Rafael Palmeiro was awarded an American League Gold Glove in 1999 in probably the worst awards decision in sports history. Here we look for anybody who might have come to Palmeiro's defense.
Hyperbole is everywhere you look in the world of sports. This guy is the best shortstop of all time. This guy is the worst quarterback in the league. This highlight was the best play of the year. There is so much careless exaggeration from all sides at all times that I think a lot of us have grown numb to it. Hearing that something was the worst or the best just means that it was bad, or good, and seldom more that that.
But I am being completely, absolutely honest when I say that Rafael Palmeiro's American League Gold Glove award in 1999 is probably the worst sports award ever. It's the sports award equivalent of those CFL teams drafting dead guys. You probably don't need me to go over the history, but to quickly go over the history, Palmeiro won the Gold Glove at first base in '99 despite starting 28 games at first base and 128 games at DH.
It's not that Palmeiro was necessarily a bad first baseman - he had won consecutive Gold Gloves as a full-timer in 1997 and 1998. It's that, in 1999, Palmeiro wasn't a first baseman. He won an award for a position he hardly played.
Terrible. And also, an opportunity. An opportunity to test a theory of mine that, no matter what happens, and no matter the consensus, there will always be a contrarian. According to my theory, there must have been somebody who came out in defense of Palmeiro winning the award. I spent too much time trying to track that somebody down. Below are some of my findings.
To give you an idea of how frequently Palmeiro's Gold Glove award is cited, even today, one needs to look no further than the Google drop-down when you enter his name:
It really is terrifying how accurately that captures the things for which Palmeiro is remembered. Palmeiro is most remembered for his stats, his hilarious Gold Glove, and his endorsement of Viagra. While Rafael Palmeiro won more than just the 1999 Gold Glove, it is safe to say that people aren't searching in huge volumes for information about his two previous seasons.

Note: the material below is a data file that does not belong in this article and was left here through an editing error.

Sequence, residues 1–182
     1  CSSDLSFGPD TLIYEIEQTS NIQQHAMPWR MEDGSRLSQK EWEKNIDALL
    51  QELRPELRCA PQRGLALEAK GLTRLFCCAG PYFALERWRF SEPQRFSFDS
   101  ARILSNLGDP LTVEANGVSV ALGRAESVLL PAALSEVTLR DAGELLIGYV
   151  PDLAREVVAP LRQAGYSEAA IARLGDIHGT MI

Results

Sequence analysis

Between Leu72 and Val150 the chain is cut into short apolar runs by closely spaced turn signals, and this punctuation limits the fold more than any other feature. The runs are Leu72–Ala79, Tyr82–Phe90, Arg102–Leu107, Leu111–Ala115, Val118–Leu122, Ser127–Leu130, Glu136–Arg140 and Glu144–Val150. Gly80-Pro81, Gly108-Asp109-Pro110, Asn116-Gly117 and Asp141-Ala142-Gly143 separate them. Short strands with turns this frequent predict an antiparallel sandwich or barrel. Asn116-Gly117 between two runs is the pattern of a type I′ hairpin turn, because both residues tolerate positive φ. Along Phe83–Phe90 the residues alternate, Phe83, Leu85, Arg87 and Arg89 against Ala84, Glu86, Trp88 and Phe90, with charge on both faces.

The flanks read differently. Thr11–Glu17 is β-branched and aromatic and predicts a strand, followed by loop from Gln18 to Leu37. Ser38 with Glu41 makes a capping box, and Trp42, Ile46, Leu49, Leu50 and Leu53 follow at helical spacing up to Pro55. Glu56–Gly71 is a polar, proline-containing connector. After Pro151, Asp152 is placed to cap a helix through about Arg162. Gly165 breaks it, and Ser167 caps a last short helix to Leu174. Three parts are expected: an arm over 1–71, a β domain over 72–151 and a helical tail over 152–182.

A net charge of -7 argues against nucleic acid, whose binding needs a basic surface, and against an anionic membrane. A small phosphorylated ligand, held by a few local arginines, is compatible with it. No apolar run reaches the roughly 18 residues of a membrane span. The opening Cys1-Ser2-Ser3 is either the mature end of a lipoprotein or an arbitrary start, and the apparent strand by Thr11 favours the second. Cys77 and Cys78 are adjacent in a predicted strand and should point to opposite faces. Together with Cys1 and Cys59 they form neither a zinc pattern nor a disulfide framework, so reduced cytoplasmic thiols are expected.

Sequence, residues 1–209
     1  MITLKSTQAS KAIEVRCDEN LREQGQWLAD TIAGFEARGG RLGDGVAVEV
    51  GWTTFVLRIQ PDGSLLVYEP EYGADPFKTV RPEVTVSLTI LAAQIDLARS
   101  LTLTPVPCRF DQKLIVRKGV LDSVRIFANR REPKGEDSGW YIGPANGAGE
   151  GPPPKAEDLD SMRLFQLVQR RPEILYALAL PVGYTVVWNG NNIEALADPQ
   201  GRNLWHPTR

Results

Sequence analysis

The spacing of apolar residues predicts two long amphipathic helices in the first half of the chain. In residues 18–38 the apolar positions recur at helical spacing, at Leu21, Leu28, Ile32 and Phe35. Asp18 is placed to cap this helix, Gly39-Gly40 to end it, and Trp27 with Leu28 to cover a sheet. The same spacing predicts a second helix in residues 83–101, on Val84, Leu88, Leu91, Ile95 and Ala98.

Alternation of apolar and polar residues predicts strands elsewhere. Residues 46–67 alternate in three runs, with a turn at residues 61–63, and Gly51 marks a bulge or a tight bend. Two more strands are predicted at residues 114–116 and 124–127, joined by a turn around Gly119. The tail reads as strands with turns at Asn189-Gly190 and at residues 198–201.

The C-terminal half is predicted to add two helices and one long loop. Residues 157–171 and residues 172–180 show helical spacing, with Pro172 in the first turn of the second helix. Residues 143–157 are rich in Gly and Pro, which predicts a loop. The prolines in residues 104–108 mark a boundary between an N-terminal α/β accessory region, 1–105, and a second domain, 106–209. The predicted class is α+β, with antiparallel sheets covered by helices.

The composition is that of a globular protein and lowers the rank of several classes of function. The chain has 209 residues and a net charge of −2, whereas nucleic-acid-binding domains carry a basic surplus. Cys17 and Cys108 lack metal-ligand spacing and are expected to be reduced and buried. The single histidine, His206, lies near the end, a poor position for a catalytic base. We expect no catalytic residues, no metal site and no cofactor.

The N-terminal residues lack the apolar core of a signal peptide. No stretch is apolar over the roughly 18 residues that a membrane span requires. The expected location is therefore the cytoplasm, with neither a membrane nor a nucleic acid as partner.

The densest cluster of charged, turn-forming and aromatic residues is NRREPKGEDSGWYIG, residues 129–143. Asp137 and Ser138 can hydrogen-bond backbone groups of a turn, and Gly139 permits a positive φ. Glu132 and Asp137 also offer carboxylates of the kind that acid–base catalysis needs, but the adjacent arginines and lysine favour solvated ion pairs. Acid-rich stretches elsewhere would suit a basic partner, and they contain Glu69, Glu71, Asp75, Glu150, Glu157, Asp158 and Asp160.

Whenever Palmeiro's Gold Glove is cited now, it's done to remind the audience that the Gold Gloves are flawed and barely relevant. Nobody now is going to come to Palmeiro's defense. So I narrowed my search to results from 1999. I figured my best bet would be looking at responses that were fresh, immediate.
The responses were critical. Heavily, consistently, predictably critical. A representative response, from Jack O'Connell:
The biggest oversight was at first base in the American League. The choice was the Rangers' Rafael Palmeiro,which was ludicrous not because he isn't a good fielder, but because he played only 28 games at the position this year.
Even the Associated Press threw in some voice. The opening of the AP article on the awards:
Seems like some managers and coaches weren't paying much attention this year.
Texas Rangers first baseman Rafael Palmeiro won his third straight American League Gold Glove despite playing just 28 games at the position this year.
All right, so maybe a Rangers beat writer stood up for the team's star player. Evan Grant?
The off-season is becoming an embarrassment of riches for Rangers designated hitter and first baseman Rafael Palmeiro.
Tuesday, the emphasis was on embarrassment.
What about Palmeiro himself? Surely Rafael Palmeiro would support Rafael Palmeiro winning the Gold Glove, right? Phil Rogers:
"When I heard about it, I laughed," said Palmeiro, who nevertheless is expected to cash the $50,000 check he will receive because of a bonus clause in his contract with the Texas Rangers. "I guess people are respecting me for what I've done in the past."
The $50,000 bonus check is an overlooked part of this story. Palmeiro didn't just win an award he shouldn't have won - he won an award he shouldn't have won, and got $50,000 he shouldn't have gotten. That is $1,786 for every game he started at first base!
From the same Rogers article:
"That's a joke," one AL executive said. "What are those guys thinking?"
I was just about to give up after two hours of research when I stumbled across this article at CNN/SI, written by ... Ticker, whatever that is. No author put his name to this, which maybe isn't surprising.
[...] Texas Rangers first baseman Rafael Palmeiro was a stunning recipient of his third straight award today.
Palmeiro, steady when healthy, was banged up the entire year and committed one error in 246 chances. By contrast, Palmeiro's own teammate, Lee Stevens, posted a .994 fielding percentage over 1,292 chances at first base.
This does not support Palmeiro winning the award. However, this is the most supportive article regarding Palmeiro winning the award. Literally, the most supportive that I found. "Steady when healthy." "He shouldn't have won, but hey, when he played, he was all right!
My theory is in tatters. Granted, I did not consult responses from everybody on the planet. I was limited in my research. It's possible that there was somebody out there who thought Palmeiro deserved his Gold Glove. But based on what I found, I think Palmeiro's win might literally be among the most indefensible things of all time. I don't know that anybody even tried to defend it.
Including the voters. Rogers:
White Sox manager Jerry Manuel said he was taken aback when he learned Palmeiro had been named to the elite team of fielders. But while he can't recall his exact ballot, he believes he could have voted for Palmeiro.
The Gold Gloves are so horrible.